As we continue to learn more about the importance of metabolic health, it becomes increasingly clear that exercise is a crucial factor in maintaining it. Exercise has been shown to improve insulin sensitivity, reduce inflammation, and lower the risk of type 2 diabetes and other metabolic disorders. But where do you start if you're new to exercise? Here are some workout suggestions and tips to get started.
Where is the Best Place to Exercise?
The best place to exercise depends upon your schedule and whether you prefer group exercise or you prefer your private sweat sessions. if you are brand new to exercise then start by sprinkling exercise throughout your day. Multiple small habit changes throughout the day can help to get you started and get your body used to moving more. This will make an organized exercise routine easier.
If you’re a social person then consider finding an exercise buddy. Having someone to exercise with can provide motivation and accountability. Plus, it's always more fun to work out with a friend! If you don't have a friend who is interested in exercising, consider joining a fitness class or group. This can be a great way to meet like-minded individuals who are also working towards improving their metabolic health.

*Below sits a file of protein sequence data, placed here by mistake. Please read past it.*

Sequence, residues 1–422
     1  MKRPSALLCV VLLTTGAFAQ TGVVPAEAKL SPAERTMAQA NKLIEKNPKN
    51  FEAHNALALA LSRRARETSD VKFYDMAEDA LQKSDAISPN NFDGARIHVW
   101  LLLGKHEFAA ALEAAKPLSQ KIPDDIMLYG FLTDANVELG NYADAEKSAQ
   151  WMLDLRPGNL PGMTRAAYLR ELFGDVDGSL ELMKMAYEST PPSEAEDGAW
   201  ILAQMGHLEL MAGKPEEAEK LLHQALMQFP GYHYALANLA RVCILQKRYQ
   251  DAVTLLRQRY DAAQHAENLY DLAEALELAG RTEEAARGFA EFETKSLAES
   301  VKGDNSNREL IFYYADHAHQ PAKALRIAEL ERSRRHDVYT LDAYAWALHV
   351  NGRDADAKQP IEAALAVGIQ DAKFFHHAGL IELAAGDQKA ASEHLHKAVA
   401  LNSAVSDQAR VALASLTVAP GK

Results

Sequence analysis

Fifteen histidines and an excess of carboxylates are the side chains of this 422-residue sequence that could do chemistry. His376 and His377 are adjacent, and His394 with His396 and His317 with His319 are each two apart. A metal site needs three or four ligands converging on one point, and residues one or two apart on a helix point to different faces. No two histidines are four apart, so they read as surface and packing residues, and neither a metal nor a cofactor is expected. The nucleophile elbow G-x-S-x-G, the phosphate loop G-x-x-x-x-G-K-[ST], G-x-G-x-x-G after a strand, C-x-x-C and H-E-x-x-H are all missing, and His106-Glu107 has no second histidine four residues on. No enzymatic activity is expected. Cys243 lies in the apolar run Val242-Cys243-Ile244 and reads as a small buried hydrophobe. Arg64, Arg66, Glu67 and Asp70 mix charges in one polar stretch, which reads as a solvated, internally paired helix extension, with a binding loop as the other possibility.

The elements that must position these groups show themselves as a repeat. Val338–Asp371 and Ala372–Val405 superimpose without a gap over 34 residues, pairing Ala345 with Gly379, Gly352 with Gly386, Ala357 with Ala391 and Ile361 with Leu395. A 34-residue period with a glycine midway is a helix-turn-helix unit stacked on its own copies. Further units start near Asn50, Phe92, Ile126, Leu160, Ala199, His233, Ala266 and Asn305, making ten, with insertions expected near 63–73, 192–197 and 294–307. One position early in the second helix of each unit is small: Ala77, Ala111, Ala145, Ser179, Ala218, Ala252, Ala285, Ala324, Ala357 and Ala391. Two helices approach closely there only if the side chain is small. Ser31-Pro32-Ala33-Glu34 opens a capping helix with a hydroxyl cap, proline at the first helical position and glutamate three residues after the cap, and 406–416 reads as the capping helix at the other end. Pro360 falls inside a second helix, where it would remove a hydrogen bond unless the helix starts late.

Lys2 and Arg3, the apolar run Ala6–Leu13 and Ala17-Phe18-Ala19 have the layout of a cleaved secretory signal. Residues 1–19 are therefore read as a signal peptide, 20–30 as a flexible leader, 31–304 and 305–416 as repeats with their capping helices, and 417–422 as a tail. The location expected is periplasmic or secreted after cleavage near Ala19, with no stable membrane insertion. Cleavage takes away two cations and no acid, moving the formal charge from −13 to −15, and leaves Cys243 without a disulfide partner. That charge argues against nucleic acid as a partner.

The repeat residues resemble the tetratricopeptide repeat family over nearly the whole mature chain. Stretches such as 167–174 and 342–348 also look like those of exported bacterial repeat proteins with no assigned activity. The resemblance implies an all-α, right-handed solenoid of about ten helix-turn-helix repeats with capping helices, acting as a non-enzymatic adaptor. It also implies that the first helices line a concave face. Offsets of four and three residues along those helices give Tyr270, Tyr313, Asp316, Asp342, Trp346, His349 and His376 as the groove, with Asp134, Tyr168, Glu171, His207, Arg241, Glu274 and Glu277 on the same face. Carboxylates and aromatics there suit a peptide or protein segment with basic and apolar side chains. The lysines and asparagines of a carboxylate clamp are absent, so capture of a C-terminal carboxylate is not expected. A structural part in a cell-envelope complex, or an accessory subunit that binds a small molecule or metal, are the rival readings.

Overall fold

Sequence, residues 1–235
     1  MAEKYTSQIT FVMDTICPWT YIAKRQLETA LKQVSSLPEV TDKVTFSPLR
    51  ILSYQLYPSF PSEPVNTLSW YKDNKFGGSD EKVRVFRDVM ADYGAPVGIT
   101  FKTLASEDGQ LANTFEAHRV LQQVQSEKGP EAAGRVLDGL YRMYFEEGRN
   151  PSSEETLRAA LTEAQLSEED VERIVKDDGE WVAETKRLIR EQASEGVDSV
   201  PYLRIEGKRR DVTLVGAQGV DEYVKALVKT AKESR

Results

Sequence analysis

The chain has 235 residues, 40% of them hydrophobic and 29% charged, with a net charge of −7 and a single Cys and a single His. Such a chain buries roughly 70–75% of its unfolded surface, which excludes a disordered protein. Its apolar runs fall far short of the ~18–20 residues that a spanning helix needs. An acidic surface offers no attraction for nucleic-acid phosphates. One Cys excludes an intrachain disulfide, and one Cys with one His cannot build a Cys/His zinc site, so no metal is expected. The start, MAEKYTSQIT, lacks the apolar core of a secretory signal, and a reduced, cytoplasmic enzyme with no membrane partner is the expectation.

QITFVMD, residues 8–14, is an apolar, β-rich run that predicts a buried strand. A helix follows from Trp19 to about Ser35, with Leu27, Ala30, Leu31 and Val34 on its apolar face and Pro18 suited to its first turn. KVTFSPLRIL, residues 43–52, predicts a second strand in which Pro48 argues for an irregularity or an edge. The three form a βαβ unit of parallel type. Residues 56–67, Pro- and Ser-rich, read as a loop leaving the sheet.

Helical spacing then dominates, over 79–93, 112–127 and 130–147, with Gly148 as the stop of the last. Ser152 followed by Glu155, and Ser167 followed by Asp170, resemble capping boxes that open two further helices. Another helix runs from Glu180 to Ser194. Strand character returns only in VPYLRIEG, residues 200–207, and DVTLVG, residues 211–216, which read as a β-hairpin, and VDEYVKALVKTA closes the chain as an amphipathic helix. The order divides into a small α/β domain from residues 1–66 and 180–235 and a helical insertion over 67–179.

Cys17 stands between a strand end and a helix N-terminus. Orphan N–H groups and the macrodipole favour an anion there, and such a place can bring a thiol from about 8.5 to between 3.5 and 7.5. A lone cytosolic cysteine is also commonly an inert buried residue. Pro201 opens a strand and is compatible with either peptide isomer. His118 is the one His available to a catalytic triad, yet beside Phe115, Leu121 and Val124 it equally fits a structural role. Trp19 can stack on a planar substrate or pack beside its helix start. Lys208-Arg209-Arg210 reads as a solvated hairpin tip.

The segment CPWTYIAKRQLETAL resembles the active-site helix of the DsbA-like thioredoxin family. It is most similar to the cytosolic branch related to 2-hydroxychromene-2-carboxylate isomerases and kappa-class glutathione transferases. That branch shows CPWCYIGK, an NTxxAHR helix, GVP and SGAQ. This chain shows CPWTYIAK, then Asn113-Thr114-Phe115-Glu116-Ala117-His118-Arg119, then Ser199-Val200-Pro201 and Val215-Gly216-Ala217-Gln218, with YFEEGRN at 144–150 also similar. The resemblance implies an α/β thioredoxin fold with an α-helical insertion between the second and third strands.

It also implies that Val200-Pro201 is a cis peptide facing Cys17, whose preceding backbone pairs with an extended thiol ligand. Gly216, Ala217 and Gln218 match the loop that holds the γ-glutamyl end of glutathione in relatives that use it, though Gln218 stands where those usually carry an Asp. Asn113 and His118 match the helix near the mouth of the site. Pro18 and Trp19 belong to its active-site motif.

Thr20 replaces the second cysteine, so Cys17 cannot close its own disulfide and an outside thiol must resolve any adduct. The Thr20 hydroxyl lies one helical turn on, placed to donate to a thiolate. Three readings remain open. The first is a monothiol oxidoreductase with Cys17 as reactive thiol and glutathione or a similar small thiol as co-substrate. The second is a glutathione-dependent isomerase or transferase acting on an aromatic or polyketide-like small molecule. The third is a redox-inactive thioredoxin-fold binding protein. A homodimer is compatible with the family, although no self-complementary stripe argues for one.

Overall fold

If you’re more of a lone wolf then try incorporating an exercise schedule and working physical activity into your routine. When we carve out time for ourselves and our health, we are more likely to follow through and complete the tasks. This can be as simple as adding an alert to your Google calendar or writing your workout days on the fridge. Pull up your favorite YouTube workout video, draw inspiration from Instagram creators, or simply go for a walk around the neighborhood.
How Much Should you Exercise?
First, it's important to recognize that any form of movement is better than none. If you're just starting out, don't worry about doing an intense workout routine right away. Start by incorporating more movement into your daily routine. Take a walk after dinner, park further away from the store, or take the stairs instead of the elevator. These small changes can add up and help you build a foundation for a more active lifestyle.